Assessment rate projected to keep dropping in Alamosa County
ALAMOSA — Depending on one's opinion of taxes, a low residential assessment rate could be seen as good or bad news. For rural areas in Colorado like Alamosa, however, the government is worried about future funding.
During the Alamosa County Commissioners meeting on Wednesday Alamosa County Assessor Sandra Hostetter gave a presentation on how the current rate of 7.2 percent is projected to fall to 6.11 percent in 2019. Hostetter explained that the drop is due to Colorado's Gallagher Amendment and Taxpayer's Bill of Rights (TABOR).
1982's Gallagher Amendment requires that residential assessed value must be 45 percent of the total statewide value. When a city grows and residential property value outpaces non-residential property, the assessment rate drops to maintain the ratio since the amendment permanently fixed the non-residential assessment rate at 29 percent. Meanwhile TABOR, passed in 1992, makes it so that all tax increases go to a ballot for a public vote.
"This is a non-starter," read a slide from Hostetter's talk, "because the majority of Colorado voters are residential property owners, and are unlikely to vote to increase their taxes. So, the residential assessment rate can go down to maintain the Gallagher split, but can't go back up because of TABOR."
Since 1983 the assessment rate has steadily fallen from 21 percent to the current 7.2 percent. Alamosa County's residential property tax base grew from $690.88 million to $715.31 million from 2016 to 2017 based on actual values. However, in that same timeframe the residential assessed values dropped from $54.99 million to $51.50 million.
"We're not growing at the pace Denver is growing so our assessed value is going down," Hostetter told the commissioners. "We have a lot of new construction, but we're not growing at rate cities are. It's putting the rural counties in a real bind and Alamosa is growing a lot faster than most rural counties. Some of them are in dire straits."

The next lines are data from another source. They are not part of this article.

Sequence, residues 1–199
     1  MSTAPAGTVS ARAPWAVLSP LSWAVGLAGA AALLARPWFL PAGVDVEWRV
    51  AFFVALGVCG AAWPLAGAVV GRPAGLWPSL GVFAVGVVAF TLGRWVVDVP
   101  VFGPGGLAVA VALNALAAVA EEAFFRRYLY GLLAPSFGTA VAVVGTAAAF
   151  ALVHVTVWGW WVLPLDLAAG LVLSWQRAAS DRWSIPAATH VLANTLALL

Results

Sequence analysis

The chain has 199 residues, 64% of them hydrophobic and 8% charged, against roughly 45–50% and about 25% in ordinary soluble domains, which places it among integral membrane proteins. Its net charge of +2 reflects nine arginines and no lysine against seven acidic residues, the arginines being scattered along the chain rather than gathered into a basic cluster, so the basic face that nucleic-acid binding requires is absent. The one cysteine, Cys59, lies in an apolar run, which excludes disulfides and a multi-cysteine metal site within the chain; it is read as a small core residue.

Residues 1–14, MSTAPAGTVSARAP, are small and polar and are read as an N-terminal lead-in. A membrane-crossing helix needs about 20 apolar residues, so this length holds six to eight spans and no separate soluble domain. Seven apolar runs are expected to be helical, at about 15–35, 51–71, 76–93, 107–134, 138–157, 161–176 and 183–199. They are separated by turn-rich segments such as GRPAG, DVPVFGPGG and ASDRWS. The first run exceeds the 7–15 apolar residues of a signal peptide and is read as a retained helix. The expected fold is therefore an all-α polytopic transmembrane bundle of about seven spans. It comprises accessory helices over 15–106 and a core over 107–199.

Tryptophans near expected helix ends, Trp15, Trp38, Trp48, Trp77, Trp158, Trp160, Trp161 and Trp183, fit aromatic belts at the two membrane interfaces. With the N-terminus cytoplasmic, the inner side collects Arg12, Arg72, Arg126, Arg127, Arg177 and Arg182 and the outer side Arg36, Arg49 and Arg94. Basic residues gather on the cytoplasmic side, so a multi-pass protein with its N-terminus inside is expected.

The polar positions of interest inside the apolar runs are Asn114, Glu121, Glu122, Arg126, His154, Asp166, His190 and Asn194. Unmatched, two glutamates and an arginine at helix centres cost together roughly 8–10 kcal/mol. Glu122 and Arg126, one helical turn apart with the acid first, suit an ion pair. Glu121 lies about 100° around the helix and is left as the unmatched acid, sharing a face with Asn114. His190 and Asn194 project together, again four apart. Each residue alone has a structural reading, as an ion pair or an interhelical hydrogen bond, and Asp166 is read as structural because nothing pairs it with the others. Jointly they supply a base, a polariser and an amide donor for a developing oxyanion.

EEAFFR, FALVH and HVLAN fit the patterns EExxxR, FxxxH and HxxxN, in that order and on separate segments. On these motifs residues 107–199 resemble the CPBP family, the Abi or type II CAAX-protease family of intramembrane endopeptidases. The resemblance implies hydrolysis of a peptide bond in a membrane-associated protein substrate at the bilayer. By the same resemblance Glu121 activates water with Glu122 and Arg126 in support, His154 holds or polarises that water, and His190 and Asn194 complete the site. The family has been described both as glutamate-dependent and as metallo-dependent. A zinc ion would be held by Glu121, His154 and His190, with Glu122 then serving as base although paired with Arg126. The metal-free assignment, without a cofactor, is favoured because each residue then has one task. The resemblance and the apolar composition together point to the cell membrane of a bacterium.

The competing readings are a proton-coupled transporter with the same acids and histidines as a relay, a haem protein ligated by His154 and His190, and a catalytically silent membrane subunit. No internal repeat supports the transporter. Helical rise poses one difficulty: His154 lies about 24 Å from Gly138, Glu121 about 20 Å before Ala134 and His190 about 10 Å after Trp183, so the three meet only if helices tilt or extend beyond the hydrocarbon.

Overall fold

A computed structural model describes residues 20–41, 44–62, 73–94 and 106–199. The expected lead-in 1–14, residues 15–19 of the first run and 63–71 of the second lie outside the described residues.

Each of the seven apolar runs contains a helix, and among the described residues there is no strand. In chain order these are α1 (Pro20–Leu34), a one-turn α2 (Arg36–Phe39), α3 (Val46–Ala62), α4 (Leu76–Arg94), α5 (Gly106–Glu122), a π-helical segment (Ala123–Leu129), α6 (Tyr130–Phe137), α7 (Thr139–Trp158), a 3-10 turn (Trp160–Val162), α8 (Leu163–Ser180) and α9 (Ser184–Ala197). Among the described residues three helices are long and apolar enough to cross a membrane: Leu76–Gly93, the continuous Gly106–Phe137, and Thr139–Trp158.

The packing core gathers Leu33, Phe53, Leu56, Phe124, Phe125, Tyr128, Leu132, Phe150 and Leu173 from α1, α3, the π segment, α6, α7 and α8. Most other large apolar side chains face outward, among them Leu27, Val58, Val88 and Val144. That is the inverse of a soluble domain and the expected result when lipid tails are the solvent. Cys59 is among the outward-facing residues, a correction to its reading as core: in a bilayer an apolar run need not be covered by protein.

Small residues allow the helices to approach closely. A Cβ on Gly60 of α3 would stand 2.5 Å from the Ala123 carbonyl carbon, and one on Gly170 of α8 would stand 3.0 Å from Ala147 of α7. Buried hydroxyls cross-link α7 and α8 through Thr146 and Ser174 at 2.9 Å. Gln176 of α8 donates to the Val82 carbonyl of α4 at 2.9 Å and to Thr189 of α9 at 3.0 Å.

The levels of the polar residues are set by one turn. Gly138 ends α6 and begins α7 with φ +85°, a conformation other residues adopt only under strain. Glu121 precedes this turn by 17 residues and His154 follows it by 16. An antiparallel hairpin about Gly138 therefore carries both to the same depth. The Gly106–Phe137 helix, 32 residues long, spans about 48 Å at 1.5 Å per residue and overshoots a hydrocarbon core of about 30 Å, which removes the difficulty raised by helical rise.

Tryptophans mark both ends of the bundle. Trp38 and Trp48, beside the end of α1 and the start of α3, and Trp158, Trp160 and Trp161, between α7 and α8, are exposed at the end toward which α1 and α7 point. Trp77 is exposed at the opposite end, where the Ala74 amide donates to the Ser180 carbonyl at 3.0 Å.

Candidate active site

In 2017 if the assessment rate stayed at 7.96 percent, which was the rate from 2003-2016, the county's revenue would have been $1,437,021. But because it dropped to 7.2 percent the county's revenue was $1,299,818, a loss of $137,203. In 2019 the revenue will be down $131,012 with the projected rate drop.
"You look at our budget as a whole and think that's not that much money," said Alamosa County Administrator Gigi Dennis. "But that's, with benefits, three [full-time employees]. In counties that are even smaller than Alamosa, this is really a very significant, serious hit."
"Local schools are funded with property taxes and other taxes collected at the state level," Hostetter's slide said. "The state is on the hook to backfill the amount that the local property taxes don't provide. More backfill from the state means less money for the roads, colleges and senior programs, like the senior property tax exemption."
"The constitution isn't easy to change," said Alamosa County Commissioner Michael Yohn, "but it's very important to know where we're going."